Later, with the marriage foundering, Lady Glenconner invites Margaret to a weekend house party at Glen and suddenly finds herself short of a male who can pair with the princess. (She never uses the term stud but it’s pretty obvious this is the idea.) Roddy Llewellyn, totally unknown to Margaret, is recruited. When he arrives Margaret asks if he has brought swimming trunks. It being Scotland, he has not, but the Glen pool is heated. Margaret takes him shopping and selects a scanty garment, little more than Y-fronts, imprinted with the Union Jack.
Margaret is 43, Roddy 26. She is far more sexually experienced than he is. The more she sees of him, the more she wants him and, in the eyes of discomfited friends becomes a defiant defender of him—a kind of protectress.
Roddy had so far led a rootless life, keeping afloat with the help of friends and a small inheritance. He found a creative outlet in landscaping and was proud of work he had done for a commune that occupied a remote run-down 47-acre farm in Wiltshire without any working plumbing.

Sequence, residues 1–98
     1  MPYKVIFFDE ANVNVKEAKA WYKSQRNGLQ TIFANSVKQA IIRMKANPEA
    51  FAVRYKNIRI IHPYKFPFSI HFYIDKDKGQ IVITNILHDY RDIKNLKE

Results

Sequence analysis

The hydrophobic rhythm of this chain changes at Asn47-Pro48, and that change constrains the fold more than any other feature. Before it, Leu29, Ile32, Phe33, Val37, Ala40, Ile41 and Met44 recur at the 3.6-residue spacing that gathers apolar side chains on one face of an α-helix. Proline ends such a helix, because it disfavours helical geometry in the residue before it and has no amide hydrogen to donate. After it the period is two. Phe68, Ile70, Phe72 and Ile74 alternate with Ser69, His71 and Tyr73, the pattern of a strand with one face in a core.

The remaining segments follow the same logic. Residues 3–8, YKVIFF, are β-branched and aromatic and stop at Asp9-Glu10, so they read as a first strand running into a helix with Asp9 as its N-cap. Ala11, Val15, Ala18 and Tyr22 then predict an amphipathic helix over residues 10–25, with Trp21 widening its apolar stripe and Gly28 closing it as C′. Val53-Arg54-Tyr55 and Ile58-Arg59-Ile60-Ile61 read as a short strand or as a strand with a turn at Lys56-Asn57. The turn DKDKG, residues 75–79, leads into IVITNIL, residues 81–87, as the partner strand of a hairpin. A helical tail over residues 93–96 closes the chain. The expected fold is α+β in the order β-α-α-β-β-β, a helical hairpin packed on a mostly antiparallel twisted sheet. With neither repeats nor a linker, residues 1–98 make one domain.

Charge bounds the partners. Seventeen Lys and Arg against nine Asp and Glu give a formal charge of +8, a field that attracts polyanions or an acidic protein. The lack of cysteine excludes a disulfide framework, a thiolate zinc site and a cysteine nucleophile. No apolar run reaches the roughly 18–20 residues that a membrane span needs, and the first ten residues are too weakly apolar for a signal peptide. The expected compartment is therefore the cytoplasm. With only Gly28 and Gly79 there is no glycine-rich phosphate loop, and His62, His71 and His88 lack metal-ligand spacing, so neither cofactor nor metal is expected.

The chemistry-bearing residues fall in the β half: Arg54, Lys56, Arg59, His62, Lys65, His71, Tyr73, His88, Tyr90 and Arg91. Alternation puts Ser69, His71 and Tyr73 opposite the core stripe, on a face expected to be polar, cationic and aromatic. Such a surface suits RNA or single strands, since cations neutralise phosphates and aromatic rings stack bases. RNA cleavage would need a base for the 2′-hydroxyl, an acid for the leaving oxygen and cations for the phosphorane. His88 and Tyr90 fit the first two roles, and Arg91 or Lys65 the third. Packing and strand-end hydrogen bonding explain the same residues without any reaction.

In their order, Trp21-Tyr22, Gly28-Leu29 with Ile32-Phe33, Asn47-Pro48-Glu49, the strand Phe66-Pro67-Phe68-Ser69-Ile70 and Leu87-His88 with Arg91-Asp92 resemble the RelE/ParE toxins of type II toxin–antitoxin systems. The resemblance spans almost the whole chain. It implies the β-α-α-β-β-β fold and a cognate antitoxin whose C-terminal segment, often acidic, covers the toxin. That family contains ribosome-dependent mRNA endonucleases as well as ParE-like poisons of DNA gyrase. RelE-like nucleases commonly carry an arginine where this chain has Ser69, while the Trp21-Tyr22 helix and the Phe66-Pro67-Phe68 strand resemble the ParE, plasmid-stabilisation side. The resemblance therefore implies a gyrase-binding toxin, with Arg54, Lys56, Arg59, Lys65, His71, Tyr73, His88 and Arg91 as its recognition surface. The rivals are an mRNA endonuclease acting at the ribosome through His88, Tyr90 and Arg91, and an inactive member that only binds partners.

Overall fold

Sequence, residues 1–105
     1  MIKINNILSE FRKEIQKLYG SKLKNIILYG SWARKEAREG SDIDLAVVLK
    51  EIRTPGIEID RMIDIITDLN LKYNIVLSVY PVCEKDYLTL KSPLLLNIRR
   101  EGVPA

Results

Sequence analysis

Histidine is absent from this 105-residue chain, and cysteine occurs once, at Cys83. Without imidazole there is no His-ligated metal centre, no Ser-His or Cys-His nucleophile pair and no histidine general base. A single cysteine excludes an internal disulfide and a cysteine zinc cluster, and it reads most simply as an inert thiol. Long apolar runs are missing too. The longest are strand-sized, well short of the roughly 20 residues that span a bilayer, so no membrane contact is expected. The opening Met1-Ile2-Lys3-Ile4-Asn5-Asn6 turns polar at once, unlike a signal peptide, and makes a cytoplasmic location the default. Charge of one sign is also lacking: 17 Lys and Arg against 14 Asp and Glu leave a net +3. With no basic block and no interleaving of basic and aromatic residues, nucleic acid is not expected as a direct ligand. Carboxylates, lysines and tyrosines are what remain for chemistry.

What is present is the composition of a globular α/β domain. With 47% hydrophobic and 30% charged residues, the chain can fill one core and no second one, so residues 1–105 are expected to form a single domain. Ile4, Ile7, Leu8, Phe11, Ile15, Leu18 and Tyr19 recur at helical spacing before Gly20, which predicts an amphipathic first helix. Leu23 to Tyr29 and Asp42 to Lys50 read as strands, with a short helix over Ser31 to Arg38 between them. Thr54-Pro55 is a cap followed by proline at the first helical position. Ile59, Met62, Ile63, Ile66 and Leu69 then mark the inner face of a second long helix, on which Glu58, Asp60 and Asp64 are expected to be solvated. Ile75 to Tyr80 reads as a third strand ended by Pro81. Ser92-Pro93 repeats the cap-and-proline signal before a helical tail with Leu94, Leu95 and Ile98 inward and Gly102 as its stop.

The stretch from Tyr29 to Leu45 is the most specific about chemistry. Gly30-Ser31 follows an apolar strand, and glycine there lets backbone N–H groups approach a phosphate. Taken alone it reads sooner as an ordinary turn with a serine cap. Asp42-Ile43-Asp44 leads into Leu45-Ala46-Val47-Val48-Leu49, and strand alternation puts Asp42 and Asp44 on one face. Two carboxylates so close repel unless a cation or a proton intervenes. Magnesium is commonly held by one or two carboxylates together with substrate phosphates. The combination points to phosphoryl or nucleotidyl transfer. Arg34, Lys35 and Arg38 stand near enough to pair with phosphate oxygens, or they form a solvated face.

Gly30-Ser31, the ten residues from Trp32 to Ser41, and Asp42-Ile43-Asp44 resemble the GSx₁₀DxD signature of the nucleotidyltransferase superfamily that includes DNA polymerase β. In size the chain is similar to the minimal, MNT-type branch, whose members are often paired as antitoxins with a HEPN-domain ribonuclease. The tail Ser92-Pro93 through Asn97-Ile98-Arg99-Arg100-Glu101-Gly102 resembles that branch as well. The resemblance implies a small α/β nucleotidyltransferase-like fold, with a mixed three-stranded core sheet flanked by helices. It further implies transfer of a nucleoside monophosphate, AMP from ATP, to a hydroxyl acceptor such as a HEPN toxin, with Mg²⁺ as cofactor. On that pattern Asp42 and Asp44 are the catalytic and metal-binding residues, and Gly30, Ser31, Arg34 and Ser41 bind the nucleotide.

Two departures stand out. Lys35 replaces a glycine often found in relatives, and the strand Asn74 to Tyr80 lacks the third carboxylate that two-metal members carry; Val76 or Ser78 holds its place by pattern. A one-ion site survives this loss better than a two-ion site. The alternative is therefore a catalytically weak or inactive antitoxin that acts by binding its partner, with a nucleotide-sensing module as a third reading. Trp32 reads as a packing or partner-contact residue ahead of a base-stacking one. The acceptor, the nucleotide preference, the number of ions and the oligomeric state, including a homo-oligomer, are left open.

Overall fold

Despite the primitive conditions it was a summer idyll for Roddy and he took Margaret to see it. What followed is the most incongruous episode in the Margaret saga, the discovery by the press that she was staying in what they described as an “upper-class hippie commune.”
The plumbing was fixed and a bedroom prepared specially for the couple. Margaret arrived with her usual wardrobe, including pearls that she wore to dinner. A news clip from the time, included in the documentary, shows some of the residents dressed in what appear to be medieval animal skins.